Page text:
Adding fuel to the fire
The Iowa study follows another controversial study by scientists at Cornell University published in May 1999 in the journal Nature. It was in the Cornell study that researchers announced that Monarch butterfly caterpillars died from eating milkweed leaves dusted with Bt corn pollen. But the study was criticized because it took place entirely in the laboratory, not the field, so it may not have taken into account how much pollen the caterpillars would have actually been exposed to.
|Swallowtails are safe.|
image: Nebraska Game and Parks Division
But last spring, researchers the University of Illinois published a field study in the Proceedings of the National Acadamy of Sciences about the effects of Bt corn on black swallowtail caterpillars. This study found that the black swallowtails werenít harmed by a type of Bt corn widely planted in the U.S.
The Cornell study sparked interest in researching the effect of Bt corn on wildlife. Giddings says some 20 other field studies that contradict the Iowa study are now underway. Normally, however, two growing seasons are required before the results are examined. The Iowa researchers began their study one year before the Cornell report appeared, so they had a head start on the current research, which is largely funded by the U.S. Department of Agriculture and the Environmental Protection Agency. Results are expected within the next year.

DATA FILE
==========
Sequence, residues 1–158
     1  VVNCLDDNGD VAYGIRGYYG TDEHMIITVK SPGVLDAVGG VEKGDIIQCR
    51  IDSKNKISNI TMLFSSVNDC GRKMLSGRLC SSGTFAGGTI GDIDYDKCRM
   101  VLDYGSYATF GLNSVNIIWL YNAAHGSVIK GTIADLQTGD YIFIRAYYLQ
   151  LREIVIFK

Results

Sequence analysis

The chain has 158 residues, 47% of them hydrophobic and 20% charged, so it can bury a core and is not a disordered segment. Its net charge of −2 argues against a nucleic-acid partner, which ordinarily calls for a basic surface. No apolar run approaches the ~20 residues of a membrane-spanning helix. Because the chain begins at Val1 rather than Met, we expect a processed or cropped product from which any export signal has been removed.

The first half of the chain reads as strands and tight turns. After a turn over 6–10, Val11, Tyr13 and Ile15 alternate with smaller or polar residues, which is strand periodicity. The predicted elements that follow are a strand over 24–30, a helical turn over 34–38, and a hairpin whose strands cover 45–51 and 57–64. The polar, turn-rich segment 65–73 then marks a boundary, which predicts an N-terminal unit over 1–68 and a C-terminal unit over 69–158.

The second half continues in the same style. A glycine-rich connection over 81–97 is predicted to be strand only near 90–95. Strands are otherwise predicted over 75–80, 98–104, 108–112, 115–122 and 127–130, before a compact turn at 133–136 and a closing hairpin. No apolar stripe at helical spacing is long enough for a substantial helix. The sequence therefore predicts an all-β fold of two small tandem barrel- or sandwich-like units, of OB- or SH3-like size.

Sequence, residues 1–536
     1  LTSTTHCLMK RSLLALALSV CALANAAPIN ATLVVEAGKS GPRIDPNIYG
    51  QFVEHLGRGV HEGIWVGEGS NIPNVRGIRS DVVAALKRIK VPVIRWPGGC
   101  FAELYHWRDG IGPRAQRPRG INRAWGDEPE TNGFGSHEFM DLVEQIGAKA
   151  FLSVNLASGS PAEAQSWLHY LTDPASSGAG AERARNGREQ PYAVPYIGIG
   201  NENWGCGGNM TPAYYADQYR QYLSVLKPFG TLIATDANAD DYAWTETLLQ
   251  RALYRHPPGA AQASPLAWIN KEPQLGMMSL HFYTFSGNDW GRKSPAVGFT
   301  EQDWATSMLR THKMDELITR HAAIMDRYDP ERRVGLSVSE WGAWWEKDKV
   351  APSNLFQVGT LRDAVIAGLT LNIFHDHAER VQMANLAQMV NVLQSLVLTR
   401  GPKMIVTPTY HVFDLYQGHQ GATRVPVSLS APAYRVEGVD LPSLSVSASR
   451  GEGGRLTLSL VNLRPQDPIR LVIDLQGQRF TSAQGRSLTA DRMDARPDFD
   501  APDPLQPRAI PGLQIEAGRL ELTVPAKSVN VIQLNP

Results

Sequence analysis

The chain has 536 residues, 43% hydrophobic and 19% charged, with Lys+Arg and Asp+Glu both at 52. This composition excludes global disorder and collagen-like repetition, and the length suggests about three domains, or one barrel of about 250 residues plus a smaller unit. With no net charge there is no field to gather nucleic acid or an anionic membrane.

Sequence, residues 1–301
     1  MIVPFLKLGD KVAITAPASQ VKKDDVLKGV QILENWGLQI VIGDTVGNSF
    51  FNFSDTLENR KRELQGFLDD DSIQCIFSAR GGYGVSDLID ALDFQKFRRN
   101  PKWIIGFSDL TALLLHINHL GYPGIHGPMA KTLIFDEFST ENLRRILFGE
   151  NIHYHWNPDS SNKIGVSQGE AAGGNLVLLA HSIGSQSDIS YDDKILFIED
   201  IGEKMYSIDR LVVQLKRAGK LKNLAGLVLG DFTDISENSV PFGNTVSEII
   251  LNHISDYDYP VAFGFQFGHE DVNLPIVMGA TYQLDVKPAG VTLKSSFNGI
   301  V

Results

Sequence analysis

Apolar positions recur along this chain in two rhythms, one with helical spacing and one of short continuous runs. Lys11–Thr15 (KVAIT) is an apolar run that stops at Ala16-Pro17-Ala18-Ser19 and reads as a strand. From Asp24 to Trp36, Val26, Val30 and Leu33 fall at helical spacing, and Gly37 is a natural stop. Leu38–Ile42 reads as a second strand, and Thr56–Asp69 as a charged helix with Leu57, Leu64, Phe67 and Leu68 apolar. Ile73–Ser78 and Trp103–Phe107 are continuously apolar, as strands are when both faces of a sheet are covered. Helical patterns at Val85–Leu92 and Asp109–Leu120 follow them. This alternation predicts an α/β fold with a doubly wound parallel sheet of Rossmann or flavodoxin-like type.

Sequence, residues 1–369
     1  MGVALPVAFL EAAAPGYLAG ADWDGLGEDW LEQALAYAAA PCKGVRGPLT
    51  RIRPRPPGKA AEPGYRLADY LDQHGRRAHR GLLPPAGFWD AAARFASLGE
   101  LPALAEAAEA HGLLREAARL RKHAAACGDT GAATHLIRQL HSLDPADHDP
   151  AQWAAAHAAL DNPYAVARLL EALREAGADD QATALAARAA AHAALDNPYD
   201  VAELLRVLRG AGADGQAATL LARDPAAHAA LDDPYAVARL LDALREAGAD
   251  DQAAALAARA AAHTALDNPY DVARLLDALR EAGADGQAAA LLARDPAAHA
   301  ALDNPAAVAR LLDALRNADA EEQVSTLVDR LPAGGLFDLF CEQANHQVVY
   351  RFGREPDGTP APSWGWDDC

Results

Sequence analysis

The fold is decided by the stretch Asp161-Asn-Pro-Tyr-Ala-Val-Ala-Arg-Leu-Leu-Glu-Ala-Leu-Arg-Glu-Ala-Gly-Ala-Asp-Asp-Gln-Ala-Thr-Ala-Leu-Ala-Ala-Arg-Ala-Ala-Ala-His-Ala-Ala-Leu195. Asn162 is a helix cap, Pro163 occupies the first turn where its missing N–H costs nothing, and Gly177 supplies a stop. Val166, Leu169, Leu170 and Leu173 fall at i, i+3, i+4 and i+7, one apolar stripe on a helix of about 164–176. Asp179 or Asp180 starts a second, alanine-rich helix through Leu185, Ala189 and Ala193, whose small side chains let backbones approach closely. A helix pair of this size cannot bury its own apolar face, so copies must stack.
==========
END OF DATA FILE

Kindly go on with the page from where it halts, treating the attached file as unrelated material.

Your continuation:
Meanwhile, many growers as well as scientists insist that Monarch caterpillars donít really run into Bt pollen on milkweed in or near cornfields. "In the real world where we live, 90 percent of the pollen comes out of the corn plant before the Monarch is even out, so all of that pollen is out before the Monarch is," says Rod Pierce, a farmer who has been planting Bt corn for the past three years. Also, he says, "We feel the milkweedómost farmers consider it a weed and we use herbicides to eradicate it from our crop areas. There are milkweeds in road ditches and other non-crop areas and we feel thats a good habitat for the Monarch."
The Monarch population is expected to decrease this year, according to Chip Taylor, director of Monarch Watch and an entomology professor at the University of Kansas. "Whether itís due to Bt corn is impossible to assess," he says. Last year the overwintering population was 100 million, while the previous year it was 60 million, according to Taylor. "But if we hadnít had Bt corn out there we may have had 140 million," he says.
While the number of Monarchs is down, so is the acreage of biotech corn planted in the corn belt. The fact that itís impossible to correlate these statistics is heating up the debate over biotech foods. Whatís more, even Hansen says itís unclear how many Monarch butterflies emerge from cornfields in the first place. So even if Bt can harm them, how much of an effect it has on the Monarch population remains to be seen.
Elsewhere on the web:
American Corn Growers Association
Monarch Butterflies and Bt Corn, from BIO